I just wonder why and for what kind of application or case we need the Socket.IO.

I am the iOS developer of a known open source project socket.IO-objc

Usually, we need HTTP or HTTPS to communicate with server. The socket aims to conduct real time communication (It should always keep a live HTTP connection.)

  • Socket.IO is a very nice "boilerplate" on top of NodeJS. It uses websockets when available and has some backup methods if not available. It helps you write less code, that is more available through all browsers. – Schoening Sep 3 '13 at 16:11

Libraries like socket.IO are needed when we need real-time in our app. Let me explain this in little more detail. Let's assume that you are developing a game, which is multiplayer and 2 or more users can play that simultaneously. Then, in that case, you won't be making HTTP or HTTPS calls because of many reasons and one of them is that their packet size is large and other is that these calls are very slow. In such scenarios we use libraries like sockets to send and receive data to and from the server. Sockets are really fast and are capable of sending only those data packets which are needed. Using HTTP programming you can never create any multiplayer game or any app which will be interacting with a server on a realtime basis.

Let's take another example. Let's assume that you are working on a chat application. When user A is typing something then user B should know that A is typing (similar to gtalk of facebook messenger). If you will use HTTP calls at that point of time then "B" will never be able to see the actual status of the other person because of the delay. So what we can use is sockets so that when user A is typing anything then his device will send only one data packet which will just notify the server that he is typing and will be delivered to user B, this process is really fast (almost realtime) and will reduce the data transfer also.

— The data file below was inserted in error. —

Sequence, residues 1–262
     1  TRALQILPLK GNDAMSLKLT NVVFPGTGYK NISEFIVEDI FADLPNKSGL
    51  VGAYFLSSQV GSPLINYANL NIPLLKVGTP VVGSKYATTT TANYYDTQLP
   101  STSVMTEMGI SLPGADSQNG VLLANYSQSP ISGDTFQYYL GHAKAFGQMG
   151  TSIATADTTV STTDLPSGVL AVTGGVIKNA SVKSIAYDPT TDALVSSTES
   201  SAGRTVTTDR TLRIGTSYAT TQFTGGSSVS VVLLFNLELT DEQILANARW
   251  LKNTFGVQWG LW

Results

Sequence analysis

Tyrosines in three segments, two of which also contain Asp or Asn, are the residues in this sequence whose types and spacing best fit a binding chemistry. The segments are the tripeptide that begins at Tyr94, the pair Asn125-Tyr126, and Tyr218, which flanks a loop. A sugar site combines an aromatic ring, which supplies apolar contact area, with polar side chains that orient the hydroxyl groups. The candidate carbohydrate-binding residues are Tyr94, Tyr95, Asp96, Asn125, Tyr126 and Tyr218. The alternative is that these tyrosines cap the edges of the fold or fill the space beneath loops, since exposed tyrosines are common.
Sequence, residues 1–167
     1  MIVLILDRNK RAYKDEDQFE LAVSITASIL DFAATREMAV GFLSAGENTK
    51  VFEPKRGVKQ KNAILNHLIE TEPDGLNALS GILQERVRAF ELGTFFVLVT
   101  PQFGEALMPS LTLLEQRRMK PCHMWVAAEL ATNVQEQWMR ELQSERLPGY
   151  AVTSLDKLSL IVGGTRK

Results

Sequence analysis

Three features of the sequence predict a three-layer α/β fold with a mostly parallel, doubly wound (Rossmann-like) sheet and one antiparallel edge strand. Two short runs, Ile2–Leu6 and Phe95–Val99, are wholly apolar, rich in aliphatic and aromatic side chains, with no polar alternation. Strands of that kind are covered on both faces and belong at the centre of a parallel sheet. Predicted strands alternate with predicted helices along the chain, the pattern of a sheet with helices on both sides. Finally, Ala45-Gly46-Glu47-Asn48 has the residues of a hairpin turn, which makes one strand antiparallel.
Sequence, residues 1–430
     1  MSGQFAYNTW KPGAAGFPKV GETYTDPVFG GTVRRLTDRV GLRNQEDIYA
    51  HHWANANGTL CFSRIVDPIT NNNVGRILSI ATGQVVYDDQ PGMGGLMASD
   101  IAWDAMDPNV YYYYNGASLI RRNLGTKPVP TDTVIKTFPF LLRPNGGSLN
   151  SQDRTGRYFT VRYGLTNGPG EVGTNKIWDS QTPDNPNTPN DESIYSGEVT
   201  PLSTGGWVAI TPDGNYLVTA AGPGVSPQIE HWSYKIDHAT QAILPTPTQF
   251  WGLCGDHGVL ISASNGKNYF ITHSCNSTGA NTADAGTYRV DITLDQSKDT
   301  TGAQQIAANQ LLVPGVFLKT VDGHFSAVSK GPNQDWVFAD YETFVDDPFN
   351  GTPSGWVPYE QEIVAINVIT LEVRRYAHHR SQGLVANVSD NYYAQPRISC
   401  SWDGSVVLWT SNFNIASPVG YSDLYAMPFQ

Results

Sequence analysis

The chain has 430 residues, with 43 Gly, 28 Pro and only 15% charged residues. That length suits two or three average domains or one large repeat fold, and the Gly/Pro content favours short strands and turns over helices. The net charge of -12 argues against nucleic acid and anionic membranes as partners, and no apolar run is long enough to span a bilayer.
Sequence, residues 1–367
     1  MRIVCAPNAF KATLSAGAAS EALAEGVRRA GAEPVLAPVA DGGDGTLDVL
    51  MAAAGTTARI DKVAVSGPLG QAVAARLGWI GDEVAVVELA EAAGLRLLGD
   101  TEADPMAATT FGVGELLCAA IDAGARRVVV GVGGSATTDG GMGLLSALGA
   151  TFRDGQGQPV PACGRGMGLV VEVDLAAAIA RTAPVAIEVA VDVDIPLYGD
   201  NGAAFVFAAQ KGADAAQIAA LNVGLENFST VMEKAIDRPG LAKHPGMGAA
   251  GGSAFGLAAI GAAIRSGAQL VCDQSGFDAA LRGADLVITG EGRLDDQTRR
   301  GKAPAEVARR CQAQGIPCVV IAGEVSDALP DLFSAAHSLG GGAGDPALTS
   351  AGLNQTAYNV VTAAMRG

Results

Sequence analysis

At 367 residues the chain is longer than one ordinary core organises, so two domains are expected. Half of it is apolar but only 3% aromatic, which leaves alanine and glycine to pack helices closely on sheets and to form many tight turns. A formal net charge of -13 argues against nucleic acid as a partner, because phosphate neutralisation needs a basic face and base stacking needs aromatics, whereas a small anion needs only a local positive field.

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    It should be noted that this is also doable without Socket.IO. Modern Browsers Support Websockets. Socket.IO will use these, and can fallback on FlashSockets if needed. – Schoening Sep 3 '13 at 16:02

I'm working on chat application using socket.io also. So it seems to replacing everythings with socket.io. This is making me in doubt and curiousness. I totally agree with real-time app like chat suits for socket.io. However there is round-trip communication (such as user login) that's more suitable for HTTP.


Socket.io uses web socket to pass data among users who are all connected to a web server. With web socket, there is no negotiation protocols and connection remain open as long as users concerned are registering for service with the web server. As pointed out also, the payload is significantly less than http/https protocol.


Socket.IO is a JavaScript library for realtime web applications. It enables realtime, bi-directional communication between web clients and server. It has two parts: a client-side library that runs in the browser, and a server-side library for node.js. Both components have a nearly identical API.

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    man, the guy that asked for advice don't need to have copy/pastes as posts – Ginger Opariti Nov 6 '16 at 15:24

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